Every state in the country enforces different laws pertaining to vehicle accidents and the rights and responsibilities of vehicle owners. Most states enforce inspection requirements that require drivers to submit their vehicles for annual safety and emissions testing. The purpose of these inspections is to ensure all vehicles on the roads are as safe as possible and do not pose extraneous environmental risks from excessive emissions.
The state does not enforce any strict car inspection laws. If a driver purchases a vehicle within the state, they are not required to conduct any annual safety or emissions inspections. Drivers are, however, required to address any discovered safety issues with their vehicles as soon as they appear. If a driver fails to acknowledge a known safety issue with their vehicle and they cause an accident, they can face many serious penalties alongside their liability for the victim’s damages.
If you are required to have your vehicle inspected, this is likely to entail a safety test and an emissions test. The safety test checks the various safety features of the vehicle, including the tires, braking system, head and taillights, seatbelts, and car horn. These safety features are designed to keep drivers and passengers as safe as possible, prevent accidents, or mitigate the severity of accidents if and when they occur.
Emissions testing is performed to check that a vehicle is not causing excessive environmental damage. The emissions tests verify that the combustion engine inside of the vehicle, the exhaust system, and the various fluid systems do not pose excessive environmental harm. If a vehicle fails an emissions test, the vehicle owner may need to pay for repairs or replacement parts that mitigate the environmental damage their vehicle may cause.
The benefits of vehicle inspections are increased driver safety and reduced environmental harm. Additionally, the fees collected for vehicle inspections not only benefit state agencies but also help local businesses that perform inspections for drivers. Additionally, if a driver’s vehicle needs an inspection, but they do not arrange for this before causing an accident, the penalties they face for the accident may increase.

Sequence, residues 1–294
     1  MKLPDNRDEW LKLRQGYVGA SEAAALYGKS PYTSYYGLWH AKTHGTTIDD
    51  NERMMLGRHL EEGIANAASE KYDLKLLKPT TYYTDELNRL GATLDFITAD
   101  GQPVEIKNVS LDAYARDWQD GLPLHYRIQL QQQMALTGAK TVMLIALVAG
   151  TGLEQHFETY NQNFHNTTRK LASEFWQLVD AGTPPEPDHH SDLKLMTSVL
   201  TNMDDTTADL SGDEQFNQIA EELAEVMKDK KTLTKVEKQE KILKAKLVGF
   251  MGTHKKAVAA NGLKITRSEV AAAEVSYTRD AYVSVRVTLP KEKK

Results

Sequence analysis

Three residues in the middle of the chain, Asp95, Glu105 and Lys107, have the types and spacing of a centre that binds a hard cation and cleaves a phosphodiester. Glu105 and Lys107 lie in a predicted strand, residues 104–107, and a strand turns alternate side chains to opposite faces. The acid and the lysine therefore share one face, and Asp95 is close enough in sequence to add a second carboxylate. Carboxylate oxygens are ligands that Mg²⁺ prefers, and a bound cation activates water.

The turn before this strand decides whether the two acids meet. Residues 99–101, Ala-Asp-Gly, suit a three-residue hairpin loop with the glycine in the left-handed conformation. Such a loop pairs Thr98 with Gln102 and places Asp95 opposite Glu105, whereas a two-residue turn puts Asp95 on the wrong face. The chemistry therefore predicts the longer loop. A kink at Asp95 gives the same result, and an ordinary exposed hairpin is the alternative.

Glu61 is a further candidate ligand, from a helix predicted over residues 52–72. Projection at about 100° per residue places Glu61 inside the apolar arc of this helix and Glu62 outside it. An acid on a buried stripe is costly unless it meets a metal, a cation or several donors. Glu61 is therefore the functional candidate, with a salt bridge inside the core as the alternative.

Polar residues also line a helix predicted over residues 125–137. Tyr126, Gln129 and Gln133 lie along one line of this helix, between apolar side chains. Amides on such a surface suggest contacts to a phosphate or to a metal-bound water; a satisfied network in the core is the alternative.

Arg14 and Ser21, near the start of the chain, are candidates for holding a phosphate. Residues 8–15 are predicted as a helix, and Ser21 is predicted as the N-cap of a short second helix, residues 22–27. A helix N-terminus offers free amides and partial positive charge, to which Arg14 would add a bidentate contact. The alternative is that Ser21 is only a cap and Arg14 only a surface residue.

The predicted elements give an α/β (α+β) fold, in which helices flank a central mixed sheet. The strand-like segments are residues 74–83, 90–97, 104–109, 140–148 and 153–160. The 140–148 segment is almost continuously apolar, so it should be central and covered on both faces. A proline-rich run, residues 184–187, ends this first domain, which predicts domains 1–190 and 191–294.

Whether you believe a failure to arrange a vehicle inspection had anything to do with your recent accident, it is essential to know what you can do to recover from any type of car accident. Florida enforces the no-fault rule for car accidents, meaning all drivers must maintain their own insurance coverage and claim against their own policies when accidents happen, regardless of who is at fault. However, while your own insurance may be your first option for recovering your losses, you could also have grounds for legal action against the at-fault driver under certain circumstances.
If the damages you suffered in your recent accident exceed the amount of personal injury protection you have in your auto insurance policy and another driver is clearly at fault for the incident, you have the right to file a civil suit against them to seek compensation for the damages you suffered. A successful civil claim may yield compensation for vehicle repairs, medical bills, lost income, and pain and suffering inflicted by the at-fault driver.
An experienced attorney is a great resource if you are unsure how to proceed with your recovery efforts following a car accident. If the other driver failed to meet their safety inspection requirements and they caused your accident due to a mechanical failure, this may impact your recovery in several ways. Your legal team can assist you with filing your auto insurance claim and exploring any other options for legal recourse that may be available to you.
A: Various state legislators in Florida have reduced vehicle inspection requirements over the past few decades, and the inspection requirement was entirely removed in 2000 by former Governor Jeb Bush. These changes were implemented due to the belief that mandatory vehicle inspections imposed unnecessary costs on state drivers and that the process itself was overly costly with minimal return on investment. Now, there are only certain situations in which vehicle safety and emissions testing are required.
A: You are only required to have your vehicle inspected in the state if you purchased it preowned from another owner or if you purchased the vehicle outside of the state. Failure to do so could prevent you from obtaining auto insurance for the vehicle, which is a requirement for every driver. You also cannot register a vehicle subject to inspection without producing proof that it has passed the required safety and emissions inspections.
A: Vehicle identification number (VIN) inspections are only required for vehicles with out-of-state titles. If a Florida driver purchases a vehicle outside the state, they must arrange a VIN inspection to obtain a state title and to insure the vehicle. Driving an unregistered vehicle and/or driving without auto insurance coverage can lead to serious penalties.
A: In most cases, if a vehicle fails any required safety inspection, it will need specific repairs to pass. The driver must pay for all required maintenance and repairs until the vehicle passes inspection. If the driver cannot afford the work immediately, the inspector can apply a failed inspection sticker to the vehicle, and the driver can take the vehicle home or to an authorized repair center to have the necessary work performed.
Florida has close to the most relaxed vehicle inspection rules in the country, but it is still crucial to ensure you meet any inspection requirements for your vehicle. If you were recently involved in a car accident and have questions or concerns about related insurance issues and how you can recover your losses, Spohrer Dodd Trial Attorneys can assist you. Contact us today to schedule a free consultation with our team.